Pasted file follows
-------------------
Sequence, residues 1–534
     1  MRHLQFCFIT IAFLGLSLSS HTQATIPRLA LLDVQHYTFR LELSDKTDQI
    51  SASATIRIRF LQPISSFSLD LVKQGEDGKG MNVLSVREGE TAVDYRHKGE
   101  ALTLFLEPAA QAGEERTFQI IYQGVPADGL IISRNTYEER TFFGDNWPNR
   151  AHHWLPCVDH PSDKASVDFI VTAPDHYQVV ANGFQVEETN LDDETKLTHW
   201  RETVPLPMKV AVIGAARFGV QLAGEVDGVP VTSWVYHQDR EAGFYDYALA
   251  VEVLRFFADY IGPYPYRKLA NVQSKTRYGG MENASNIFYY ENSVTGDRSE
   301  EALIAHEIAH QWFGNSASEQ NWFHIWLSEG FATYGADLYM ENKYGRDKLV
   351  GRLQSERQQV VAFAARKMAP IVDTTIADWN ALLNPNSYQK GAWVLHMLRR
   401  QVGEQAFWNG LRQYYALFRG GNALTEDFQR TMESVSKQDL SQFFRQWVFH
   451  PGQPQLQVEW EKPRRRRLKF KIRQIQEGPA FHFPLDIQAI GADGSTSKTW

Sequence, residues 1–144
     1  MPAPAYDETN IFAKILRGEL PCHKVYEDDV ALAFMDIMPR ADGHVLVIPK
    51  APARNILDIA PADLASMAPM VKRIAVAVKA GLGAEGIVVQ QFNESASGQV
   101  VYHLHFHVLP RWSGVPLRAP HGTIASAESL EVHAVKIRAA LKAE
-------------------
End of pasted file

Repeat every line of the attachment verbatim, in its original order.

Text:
Sequence, residues 1–534
     1  MRHLQFCFIT IAFLGLSLSS HTQATIPRLA LLDVQHYTFR LELSDKTDQI
    51  SASATIRIRF LQPISSFSLD LVKQGEDGKG MNVLSVREGE TAVDYRHKGE
   101  ALTLFLEPAA QAGEERTFQI IYQGVPADGL IISRNTYEER TFFGDNWPNR
   151  AHHWLPCVDH PSDKASVDFI VTAPDHYQVV ANGFQVEETN LDDETKLTHW
   201  RETVPLPMKV AVIGAARFGV QLAGEVDGVP VTSWVYHQDR EAGFYDYALA
   251  VEVLRFFADY IGPYPYRKLA NVQSKTRYGG MENASNIFYY ENSVTGDRSE
   301  EALIAHEIAH QWFGNSASEQ NWFHIWLSEG FATYGADLYM ENKYGRDKLV
   351  GRLQSERQQV VAFAARKMAP IVDTTIADWN ALLNPNSYQK GAWVLHMLRR
   401  QVGEQAFWNG LRQYYALFRG GNALTEDFQR TMESVSKQDL SQFFRQWVFH
   451  PGQPQLQVEW EKPRRRRLKF KIRQIQEGPA FHFPLDIQAI GADGSTSKTW

Sequence, residues 1–144
     1  MPAPAYDETN IFAKILRGEL PCHKVYEDDV ALAFMDIMPR ADGHVLVIPK
    51  APARNILDIA PADLASMAPM VKRIAVAVKA GLGAEGIVVQ QFNESASGQV
   101  VYHLHFHVLP RWSGVPLRAP HGTIASAESL EVHAVKIRAA LKAE